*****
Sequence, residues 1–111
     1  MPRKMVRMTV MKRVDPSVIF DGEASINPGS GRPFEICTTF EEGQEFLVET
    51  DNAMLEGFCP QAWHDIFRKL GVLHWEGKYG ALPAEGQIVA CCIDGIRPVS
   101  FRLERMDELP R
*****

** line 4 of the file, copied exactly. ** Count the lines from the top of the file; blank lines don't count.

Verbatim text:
   101  FRLERMDELP R